And no, this sexualisation of Disney princesses is not new. I can’t say I have actually noticed before the re-representation of the various characters – I didn’t realize that Cinderella has been remodeled, and that it is a requirement for Disney princesses to have bare shoulders – but I have noticed now and I cannot believe it has gotten this far. So many people I know sighed a breath of relief when Brave came out, because for once we were being provided with a strong, positive female role model to show our children. For once it was not a love story. For once it was not about pretty dresses and perfection. But now Disney are taking away her bow and arrow, taking away her childlike face and pushing this chiseled, thinner, more sparkly option.

You know what Disney? I object. And I have decided I am going to make sure you know it.

You can sign a petition against this if you feel strongly about it: Don’t do it Disney!

Let’s have a chat, you and I.

I think that I am back. But before I settle back in to blogosphere, there are a few things I feel the need to explain.

If you started following this blog when I started writing it, you may not want to carry on reading it. And that is ok. When I last was maintaining this blog I was in a very dark place. I suffered post natal depression following the birth of my 2nd (adorable) child and it took a long time to claw my way back – a long time to find myself again. Part of the journey back involved losing 3 stone (so far) and I am proud of that. It also involved my return to university, to study my MA in Strategic Communications. It is all a lot more complicated than that, obviously, which I may or may not discuss at some point. The point is, however, that there are parts of me now that are unrecognisable to me then and I want to talk about different things.

So I probably won’t be on here posting on recipes, because I rarely cook more than the basic “crap we need to eat something in half an hour” kind of meals anymore.

I probably won’t talk about my kids very much. They do, however, play a large role in my life so that may be discussed from time to time.

Etcetera etcetera.

What I probably will talk about will be a mash of things that I am going through or thinking about. So expect some talk about cancer, because right now my family is going through that. And on occasion there will be discussion about charity, because I work for one and it is important to me. As well as communications, social media, marketing.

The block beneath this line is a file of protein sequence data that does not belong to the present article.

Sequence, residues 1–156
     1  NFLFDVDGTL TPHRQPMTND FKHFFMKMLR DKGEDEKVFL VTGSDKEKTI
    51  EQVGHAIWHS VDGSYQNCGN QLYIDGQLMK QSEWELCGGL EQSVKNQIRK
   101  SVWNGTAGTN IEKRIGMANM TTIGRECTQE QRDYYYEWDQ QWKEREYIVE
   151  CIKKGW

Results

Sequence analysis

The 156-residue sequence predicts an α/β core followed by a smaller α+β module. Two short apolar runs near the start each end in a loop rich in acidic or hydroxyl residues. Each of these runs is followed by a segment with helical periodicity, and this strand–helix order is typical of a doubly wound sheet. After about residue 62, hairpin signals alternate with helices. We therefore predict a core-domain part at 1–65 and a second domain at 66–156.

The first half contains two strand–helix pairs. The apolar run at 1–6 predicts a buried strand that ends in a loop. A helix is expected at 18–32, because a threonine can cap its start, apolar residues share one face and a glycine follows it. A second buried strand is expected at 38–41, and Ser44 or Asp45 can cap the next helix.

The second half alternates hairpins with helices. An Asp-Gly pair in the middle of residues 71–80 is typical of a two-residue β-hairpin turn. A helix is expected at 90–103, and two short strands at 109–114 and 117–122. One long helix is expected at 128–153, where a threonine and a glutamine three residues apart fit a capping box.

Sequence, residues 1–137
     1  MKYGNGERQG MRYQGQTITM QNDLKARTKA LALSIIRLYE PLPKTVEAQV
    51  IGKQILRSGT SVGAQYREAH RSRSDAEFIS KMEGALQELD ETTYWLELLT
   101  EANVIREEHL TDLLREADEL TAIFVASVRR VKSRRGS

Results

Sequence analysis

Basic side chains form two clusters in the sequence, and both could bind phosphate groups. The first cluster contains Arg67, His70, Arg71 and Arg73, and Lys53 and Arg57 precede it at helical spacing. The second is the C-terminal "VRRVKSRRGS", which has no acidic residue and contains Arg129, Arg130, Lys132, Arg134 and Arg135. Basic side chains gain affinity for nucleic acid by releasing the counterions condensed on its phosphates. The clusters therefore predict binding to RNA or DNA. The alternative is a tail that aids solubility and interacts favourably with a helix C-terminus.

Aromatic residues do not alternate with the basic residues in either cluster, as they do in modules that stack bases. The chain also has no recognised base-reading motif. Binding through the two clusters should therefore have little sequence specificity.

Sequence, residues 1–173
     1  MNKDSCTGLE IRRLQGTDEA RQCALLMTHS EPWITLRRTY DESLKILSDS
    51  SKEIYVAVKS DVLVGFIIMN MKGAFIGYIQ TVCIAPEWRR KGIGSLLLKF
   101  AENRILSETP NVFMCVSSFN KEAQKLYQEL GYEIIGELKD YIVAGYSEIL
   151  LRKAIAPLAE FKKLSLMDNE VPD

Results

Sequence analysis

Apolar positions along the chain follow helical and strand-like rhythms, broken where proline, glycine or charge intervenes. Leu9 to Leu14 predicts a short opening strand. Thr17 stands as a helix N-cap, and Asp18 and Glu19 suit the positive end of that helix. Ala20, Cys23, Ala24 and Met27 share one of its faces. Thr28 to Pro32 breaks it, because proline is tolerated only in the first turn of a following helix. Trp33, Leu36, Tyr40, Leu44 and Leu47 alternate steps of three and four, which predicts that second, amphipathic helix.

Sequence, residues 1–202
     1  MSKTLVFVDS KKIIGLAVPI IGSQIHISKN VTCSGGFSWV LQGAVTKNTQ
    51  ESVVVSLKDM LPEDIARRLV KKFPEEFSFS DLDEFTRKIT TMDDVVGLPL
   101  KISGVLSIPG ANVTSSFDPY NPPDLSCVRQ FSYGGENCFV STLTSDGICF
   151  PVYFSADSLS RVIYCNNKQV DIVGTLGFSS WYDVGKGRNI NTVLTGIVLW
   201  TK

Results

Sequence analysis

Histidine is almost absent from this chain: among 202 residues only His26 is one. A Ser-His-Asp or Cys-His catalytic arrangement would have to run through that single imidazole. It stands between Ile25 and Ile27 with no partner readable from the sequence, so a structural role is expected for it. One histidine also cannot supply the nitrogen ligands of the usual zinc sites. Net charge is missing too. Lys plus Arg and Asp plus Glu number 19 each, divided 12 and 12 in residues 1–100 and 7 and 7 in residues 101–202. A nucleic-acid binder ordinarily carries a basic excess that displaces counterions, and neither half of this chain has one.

But also I will talk about fitness & health, because that is important to me. I began to exercise daily as an effort to lose weight and I continue for my mental well being. I am very interested in nutrition and how it all works. And I have a deep understanding of the issues that “fat” people face, you never lose that despite losing the weight.

And so on.

So if you want to carry on reading, welcome aboard. If you are more interested in craft projects, children and recipes, I can recommend some fantastic blogs that I too enjoy reading.

Until next time (or not)

The Ethnicity of a Nomad.

(Be warned, this is a very self indulgent post)

i was a teenager before I met someone else like me, and discovered there was a term for it: 3rd Culture Kid. (I assume we become 3rd culture adults when we grow up?) We are the people who do not belong to the culture of our parents, nor the culture in which we reside. When, as a teenager, I met another 3CK, I suddenly felt at home for the first time in my life – suddenly so many pieces of me began to make sense as I saw them echoed in someone else.

I don’t think this is something you grow out of, regardless of your lifestyle choices as an adult, because it defines you so significantly in your early years.

It defined me; it does define me. When I meet others with a similar background, I still see echoes of myself, regardless of how different our life choices have now become.

I am not Canadian, nor am I British. When people ask me where I am from, I hesitate because it is not a question easily answered. Can you choose where you are from, or only choose a place for your children to be rooted? Can a so-called 3rd culture kid find roots as an adult?

Will I ever stop feeling the need to justify why I still live in the same place, 9 years later?

Fighting back

I used to be fiercely principled about where I would and would not shop, among other things.

Once, a good friend mentioned that it must be exhausting to have so many principles. It took me awhile to realise what was exhausting was to have to deal with mine.

And then I had kids, and had other things to think about with far less (any?) disposable income to spend. So other than my refusal to spend money in Primark, I’ve kind of stepped down from my soapbox.

But the other day I was looking at one of those photos that has gone viral on Facebook about a bookshop supporting charity and Amazon not even paying taxes… And since working in town again, I’ve noticed so many boarded up shops…

And I don’t like it.

I don’t like the fact that T*sco are completely irresponsible and are welknown for underselling farmers and having questionable trading standards.

I don’t like the fact that Primark sells clothes at such a cost that they are disposable, and yet at what cost to those making them?

I don’t like the fact that towns are filled with boarded up shops.

I don’t like the fact that hens and ducks are kept in barns where there is no sunlight or room to move.

But these are first world concerns, despite effecting the whole world. And they are middle class battles.

Sometimes it is exhausting just considering it all.
So where do we start?